When personas have been created, a plan can be configured. Creating a new plan will first ask you to add a network site. Create the site to represent the configuration of your physical network(s) as shown in Figure 2.

Figure 2: Configure the site to represent the physical network configuration

With the site configured, open the “Reports” tab to create a new report based on the information you provided. In the report page, add the breakdown of user personas based on the number of users in the site(s) (Figure 3) and click “Generate Report”.

Figure 3: Configure the number of each persona in each site

Once the report runs, we get an idea of what bandwidth would look like on our network(s) for the personas we selected. For example, in Figure 4, we see that based on an allowance of 30% of the total bandwidth on the network for Teams, the planner has detected that there will be insufficient bandwidth at this site. If we could dedicate more than 30% to Teams – say, 50% of our total, then we would have sufficient bandwidth for our deployment but other network factors and business apps need to be considered to decide how much can be dedicated to Teams.

Figure 4: The report highlights insufficient bandwidth in the site

The Network Planner can be used to get a more accurate picture of what the bandwidth requirements look like and how they can fit in to the existing network.

Specify requirements for outbound network ports and protocols for Microsoft Teams

Outbound network ports for Teams is quite simple. The individual endpoints and ports are detailed in the Microsoft Documentation and mainly consist of TCP 80 and 443. There are some UDP endpoints required also (3478 – 3481) which handle voice and video traffic. There’s not much exciting about the port lists but it’s worth going over and taking note of the endpoints for the exam.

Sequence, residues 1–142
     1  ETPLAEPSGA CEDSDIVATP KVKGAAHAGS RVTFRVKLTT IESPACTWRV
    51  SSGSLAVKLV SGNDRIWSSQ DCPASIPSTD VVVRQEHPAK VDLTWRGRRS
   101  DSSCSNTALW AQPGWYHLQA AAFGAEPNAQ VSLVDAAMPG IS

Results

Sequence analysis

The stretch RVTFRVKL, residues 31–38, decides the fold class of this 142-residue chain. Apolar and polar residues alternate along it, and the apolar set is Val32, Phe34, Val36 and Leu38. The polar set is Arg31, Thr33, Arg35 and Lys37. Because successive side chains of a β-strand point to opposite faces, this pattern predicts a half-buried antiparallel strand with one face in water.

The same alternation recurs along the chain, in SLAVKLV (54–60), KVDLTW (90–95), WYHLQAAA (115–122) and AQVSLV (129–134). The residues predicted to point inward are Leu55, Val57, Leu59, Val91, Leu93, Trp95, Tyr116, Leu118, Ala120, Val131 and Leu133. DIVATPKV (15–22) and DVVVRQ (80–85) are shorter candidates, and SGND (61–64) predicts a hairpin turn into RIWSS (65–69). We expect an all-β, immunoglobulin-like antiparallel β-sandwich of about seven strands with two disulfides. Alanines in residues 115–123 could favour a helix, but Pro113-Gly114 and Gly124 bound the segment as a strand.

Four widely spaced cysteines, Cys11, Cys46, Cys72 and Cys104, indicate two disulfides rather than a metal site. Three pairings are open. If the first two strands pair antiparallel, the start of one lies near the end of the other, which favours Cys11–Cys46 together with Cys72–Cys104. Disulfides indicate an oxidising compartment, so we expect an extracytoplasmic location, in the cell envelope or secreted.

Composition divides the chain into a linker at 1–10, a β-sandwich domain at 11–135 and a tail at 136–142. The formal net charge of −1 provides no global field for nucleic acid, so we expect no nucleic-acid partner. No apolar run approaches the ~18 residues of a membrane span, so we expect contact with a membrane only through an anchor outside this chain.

Determine WAN optimizer, proxy, and load balancer recommendations for Microsoft Teams

Many corporate networks utilize WAN optimization or proxy devices to improve and/or secure connectivity to the internet. It is not recommended to have any device or proxy sitting in between the end users device and the Microsoft 365 services. As a best practice, traffic should break out to the internet as close to the end user as possible and travel directly to Microsofts network. Any additional hops will add latency and impact performance. Appliances such as web proxies with packet inspection are also known to cause issues with latency or disconnections from Microsoft 365 so should also be avoided.

This doesn’t mean the entire network needs to bypass these appliances or routes for all internet traffic and the recommendation is to use the documentation to selectively bypass proxying for Microsoft 365 traffic as defined by the Microsoft 365 endpoint IPs and FQDNs.

More information on this topic is available here.


Network planning is key to getting the most out of Microsoft Teams and while it’s not the most exciting piece of the puzzle, it’s extremely important to end user experience that the work is put in up front.

For more information on the topics covered in this post check out the Microsoft Documentation for Teams network planning:

Prepare your organization’s network for Teams – Microsoft Teams | Microsoft Docs